Here we go!
1. Eliminated high fructose corn syrup
2. Eating smaller portions
3. Choosing snacks more carefully
4. Drinking pop only as a rare treat and instead drinking more water and 100% juice
5. Drinking vitamin-rich smoothies (we buy Bolthouse)
6. Consuming kefir and greek yogurt for probiotic health (good job, hubbie…I’m not there yet)
7. Buying and eating more fruits and veggies
8. Purchased a water filter (we use a container you put in the fridge, not the kind that attaches to the faucet).
9. Choosing whole grain products (and trying to avoid bleached, white flour)
10. Choosing products with lower sugar content
11. Switched to organic milk
12. Learned about the ‘dirty dozen’ and decided to only buy this produce if organic
13. Increased fiber intake (if you like cereal for breakfast, this is an easy place to find high-fiber options)
14. Switched to organic, cage-free eggs
15. Started a garden
16. Discovered ewg.org to help us shop smarter (thank you, EWG!!)
17. Began switching some of our hygiene products (some of these include deodorant, shampoo, conditioner, lotion, body soap, & hand soap; some are bought, others are simple DIYs)
18. Started using more natural cleaning methods (say hello to vinegar, baking soda, and lemons!)
19. Replaced some cleaning products with Dr. Bronner’s castile soap
20. Changed many light bulbs (we received free CFLs through our energy provider, but eventually I’d prefer LEDs)
21. We unplug electronics when not in use (this and some of the following are more an efficiency issue, but smaller bills contribute to our happiness!)
22. Winterizing the house for colder months (this year, it’s been about 4 or 5 months!)
23. Purchased and use a programmable thermostat (we have it at 67 when we’re home and 62 for away/sleeping – we make it warmer for guests!)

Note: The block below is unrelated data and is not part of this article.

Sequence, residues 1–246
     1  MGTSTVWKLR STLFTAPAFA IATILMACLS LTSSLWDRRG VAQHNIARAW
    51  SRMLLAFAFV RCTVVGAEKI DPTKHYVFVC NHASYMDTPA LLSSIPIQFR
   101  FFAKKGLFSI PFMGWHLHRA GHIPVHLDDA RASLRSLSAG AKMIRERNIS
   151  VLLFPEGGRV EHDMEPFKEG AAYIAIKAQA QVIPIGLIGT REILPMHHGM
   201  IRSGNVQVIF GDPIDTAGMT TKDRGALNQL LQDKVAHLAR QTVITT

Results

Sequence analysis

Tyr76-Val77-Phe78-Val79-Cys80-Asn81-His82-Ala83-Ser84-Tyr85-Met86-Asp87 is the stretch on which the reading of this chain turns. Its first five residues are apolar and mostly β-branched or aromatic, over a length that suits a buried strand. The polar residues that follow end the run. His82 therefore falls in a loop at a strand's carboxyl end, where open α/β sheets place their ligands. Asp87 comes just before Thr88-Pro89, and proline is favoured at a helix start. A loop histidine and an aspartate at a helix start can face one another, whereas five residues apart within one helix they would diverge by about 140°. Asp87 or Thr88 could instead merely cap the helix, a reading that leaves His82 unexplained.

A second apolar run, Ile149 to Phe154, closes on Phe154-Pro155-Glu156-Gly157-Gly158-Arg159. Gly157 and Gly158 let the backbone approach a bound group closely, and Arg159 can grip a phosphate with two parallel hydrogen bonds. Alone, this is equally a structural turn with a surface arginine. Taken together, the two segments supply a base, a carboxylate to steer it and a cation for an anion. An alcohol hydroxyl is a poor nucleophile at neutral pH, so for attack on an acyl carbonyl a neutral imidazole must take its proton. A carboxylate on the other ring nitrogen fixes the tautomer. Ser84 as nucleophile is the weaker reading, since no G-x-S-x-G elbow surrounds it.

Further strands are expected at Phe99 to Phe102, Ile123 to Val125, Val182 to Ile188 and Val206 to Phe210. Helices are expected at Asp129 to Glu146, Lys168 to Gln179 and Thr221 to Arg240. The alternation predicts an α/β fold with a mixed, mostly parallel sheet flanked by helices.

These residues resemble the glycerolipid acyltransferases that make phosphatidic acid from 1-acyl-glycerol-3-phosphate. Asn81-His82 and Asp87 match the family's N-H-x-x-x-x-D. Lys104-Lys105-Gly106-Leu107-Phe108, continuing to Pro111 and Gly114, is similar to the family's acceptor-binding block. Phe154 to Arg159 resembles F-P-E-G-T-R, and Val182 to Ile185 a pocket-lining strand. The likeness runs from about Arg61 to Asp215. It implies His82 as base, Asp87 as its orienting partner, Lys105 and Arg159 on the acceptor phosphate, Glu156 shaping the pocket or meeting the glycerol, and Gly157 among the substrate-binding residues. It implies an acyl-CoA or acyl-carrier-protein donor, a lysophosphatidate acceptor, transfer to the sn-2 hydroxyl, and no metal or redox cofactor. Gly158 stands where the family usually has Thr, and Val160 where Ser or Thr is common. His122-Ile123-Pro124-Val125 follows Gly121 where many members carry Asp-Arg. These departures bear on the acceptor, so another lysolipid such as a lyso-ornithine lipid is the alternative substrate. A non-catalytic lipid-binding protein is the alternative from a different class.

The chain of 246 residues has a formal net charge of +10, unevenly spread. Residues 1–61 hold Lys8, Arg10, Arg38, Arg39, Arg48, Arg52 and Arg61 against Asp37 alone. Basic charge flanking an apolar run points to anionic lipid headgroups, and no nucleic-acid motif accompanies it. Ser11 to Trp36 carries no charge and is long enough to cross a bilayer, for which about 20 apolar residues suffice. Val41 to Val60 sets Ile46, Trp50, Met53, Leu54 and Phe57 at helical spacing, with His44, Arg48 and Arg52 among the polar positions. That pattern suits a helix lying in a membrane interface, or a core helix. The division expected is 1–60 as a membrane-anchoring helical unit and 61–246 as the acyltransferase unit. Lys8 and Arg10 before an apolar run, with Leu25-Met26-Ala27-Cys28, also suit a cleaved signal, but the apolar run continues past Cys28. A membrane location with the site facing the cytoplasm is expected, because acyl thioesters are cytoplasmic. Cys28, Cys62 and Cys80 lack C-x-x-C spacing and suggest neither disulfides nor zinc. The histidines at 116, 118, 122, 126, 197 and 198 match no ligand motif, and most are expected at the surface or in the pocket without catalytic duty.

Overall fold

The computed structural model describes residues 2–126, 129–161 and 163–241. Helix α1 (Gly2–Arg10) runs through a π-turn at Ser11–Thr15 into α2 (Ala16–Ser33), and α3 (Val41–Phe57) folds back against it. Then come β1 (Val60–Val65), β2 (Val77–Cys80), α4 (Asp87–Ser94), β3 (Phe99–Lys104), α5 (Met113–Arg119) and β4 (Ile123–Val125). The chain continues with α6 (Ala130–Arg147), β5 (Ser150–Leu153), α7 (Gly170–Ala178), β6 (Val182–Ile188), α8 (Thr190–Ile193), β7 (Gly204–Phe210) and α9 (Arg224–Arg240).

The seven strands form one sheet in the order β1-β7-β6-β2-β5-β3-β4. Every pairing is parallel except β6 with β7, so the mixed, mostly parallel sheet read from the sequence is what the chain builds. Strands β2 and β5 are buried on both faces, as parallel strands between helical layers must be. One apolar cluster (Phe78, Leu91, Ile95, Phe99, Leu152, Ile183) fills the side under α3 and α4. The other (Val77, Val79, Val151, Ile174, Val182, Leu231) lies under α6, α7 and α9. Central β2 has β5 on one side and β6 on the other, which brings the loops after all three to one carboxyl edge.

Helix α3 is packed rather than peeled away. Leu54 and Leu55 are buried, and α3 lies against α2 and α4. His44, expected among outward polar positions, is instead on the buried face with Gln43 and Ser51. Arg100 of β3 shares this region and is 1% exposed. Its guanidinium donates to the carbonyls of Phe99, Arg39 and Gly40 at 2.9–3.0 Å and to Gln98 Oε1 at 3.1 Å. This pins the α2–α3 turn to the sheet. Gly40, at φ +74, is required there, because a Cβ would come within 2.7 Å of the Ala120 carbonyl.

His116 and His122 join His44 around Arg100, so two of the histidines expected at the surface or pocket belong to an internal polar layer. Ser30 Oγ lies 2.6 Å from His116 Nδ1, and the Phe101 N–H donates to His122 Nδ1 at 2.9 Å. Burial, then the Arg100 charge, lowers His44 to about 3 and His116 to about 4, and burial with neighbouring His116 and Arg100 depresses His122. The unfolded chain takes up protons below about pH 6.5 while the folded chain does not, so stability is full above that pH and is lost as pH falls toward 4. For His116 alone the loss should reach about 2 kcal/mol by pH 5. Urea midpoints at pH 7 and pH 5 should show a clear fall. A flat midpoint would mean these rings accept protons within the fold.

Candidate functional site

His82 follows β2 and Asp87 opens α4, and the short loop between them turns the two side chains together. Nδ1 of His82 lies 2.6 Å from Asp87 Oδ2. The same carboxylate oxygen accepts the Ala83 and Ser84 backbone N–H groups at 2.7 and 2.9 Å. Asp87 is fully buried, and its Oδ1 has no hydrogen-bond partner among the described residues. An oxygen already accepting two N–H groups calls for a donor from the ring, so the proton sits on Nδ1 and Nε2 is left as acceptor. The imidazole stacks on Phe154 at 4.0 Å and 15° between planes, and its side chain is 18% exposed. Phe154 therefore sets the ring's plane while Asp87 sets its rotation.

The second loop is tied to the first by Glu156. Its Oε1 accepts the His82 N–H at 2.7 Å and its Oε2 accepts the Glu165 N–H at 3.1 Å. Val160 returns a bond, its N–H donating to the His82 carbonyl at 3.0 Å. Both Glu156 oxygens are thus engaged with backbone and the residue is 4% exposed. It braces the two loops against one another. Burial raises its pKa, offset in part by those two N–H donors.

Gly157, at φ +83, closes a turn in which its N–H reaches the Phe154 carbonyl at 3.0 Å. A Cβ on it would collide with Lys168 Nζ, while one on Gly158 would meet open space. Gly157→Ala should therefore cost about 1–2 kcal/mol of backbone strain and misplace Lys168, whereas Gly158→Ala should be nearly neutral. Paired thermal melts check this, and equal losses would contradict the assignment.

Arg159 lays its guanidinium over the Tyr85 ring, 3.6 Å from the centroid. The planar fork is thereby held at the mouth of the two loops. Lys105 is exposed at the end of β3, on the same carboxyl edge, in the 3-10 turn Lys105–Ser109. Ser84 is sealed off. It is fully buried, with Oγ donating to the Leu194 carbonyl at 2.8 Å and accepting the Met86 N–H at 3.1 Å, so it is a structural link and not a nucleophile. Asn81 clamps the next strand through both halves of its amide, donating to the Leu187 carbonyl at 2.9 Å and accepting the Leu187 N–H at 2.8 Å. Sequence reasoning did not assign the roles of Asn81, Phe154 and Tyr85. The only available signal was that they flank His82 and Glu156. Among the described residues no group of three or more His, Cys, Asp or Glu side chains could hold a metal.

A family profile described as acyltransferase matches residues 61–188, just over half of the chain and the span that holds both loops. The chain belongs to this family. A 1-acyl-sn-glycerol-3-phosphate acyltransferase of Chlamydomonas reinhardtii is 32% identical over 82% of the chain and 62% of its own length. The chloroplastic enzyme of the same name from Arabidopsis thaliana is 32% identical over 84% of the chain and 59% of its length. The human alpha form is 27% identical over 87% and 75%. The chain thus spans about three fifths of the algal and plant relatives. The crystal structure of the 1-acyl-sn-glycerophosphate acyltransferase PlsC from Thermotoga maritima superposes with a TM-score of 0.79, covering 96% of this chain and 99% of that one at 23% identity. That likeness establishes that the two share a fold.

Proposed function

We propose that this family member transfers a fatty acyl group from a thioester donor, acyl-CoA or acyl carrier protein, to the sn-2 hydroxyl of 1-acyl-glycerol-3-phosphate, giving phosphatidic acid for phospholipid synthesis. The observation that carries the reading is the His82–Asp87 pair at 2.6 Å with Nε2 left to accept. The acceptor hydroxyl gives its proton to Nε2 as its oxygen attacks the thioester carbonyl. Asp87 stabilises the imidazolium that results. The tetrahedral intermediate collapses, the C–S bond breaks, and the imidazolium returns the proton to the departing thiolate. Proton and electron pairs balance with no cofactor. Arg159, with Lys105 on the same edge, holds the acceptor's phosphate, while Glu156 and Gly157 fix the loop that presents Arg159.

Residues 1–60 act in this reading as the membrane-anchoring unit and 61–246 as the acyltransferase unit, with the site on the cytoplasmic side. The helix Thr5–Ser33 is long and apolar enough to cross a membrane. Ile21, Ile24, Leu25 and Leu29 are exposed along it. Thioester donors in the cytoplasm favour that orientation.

24. Running an air humidifier regularly
25. Using a humidifier at night (great Christmas gift we received)
I hope to be able to add using all-natural lip balm and essential oils soon…but, as always, one small step at a time! What are some of the changes that you have made?!

Beginning to Change

            I have perfectionism in my blood, but it’s that frustrating, mostly self-directed type.  It is much easier for me to be patient and loving towards others who make a mistake than it is to give the same courtesy towards myself.  I can imagine the head nods and looks of understanding even as I write this.  I know I am not alone in this characteristic, and my gut tells me that this may be more common among us women than our male counterparts (correct me if you think I’m wrong, guys!).  While I can channel this into good work and other industrious outcomes, I have learned that trying to be perfect while pursuing a healthier, happier life is extremely counter-productive.

            If we decide to be healthy only if we can ‘do it the right way’ or ‘go all the way’ and be like those always-snack-on-veggies do-yoga-every-day make-their-own-yogurt people, we are probably never going to make any real steps in the right direction (if any of that describes you, by the way, kudos on making great life choices – even if it does make the rest of us jealous, lol). Our lifestyle habits are just like all other aspects of our story: we are all in different places in our journeys, and our destinations need not be the same.  And while this may be frustrating when we’re not where we would like to be, the variety in our different paths makes life interesting and beautiful.

            When my husband and I decided to create a healthier life, I was easily overwhelmed by all the changes we wanted to make and by figuring out where to start.  My thoughts went something like this: ‘We need to add more produce in our diets…but we might as well start switching to some affordable organic produce…which means we’ll have to change our meat, eggs, and milk…and speaking of healthier drinks, what kind of water filter is best?…Do we need to filter our shower water?!’  Maybe you can relate.  With so much information to obtain and so many changes to implement (not to mention my perfectionist tendencies), how did we ever start at all? By taking one small step at a time.

            The following is my advice for others who, like me, find their heads spinning at the daunting task of creating healthier habits:

  1. Start where you are most passionate and/or concerned.  For me, high fructose corn syrup was the straw that broke the camel’s back.  After hearing about its dangers here and there, I finally decided to do some research and then chose to buy products without it.  This led to an interest in label-reading and understanding exactly what we were eating.  By following our passions and interests, we automatically have more energy and ‘oomph’ to put into the task.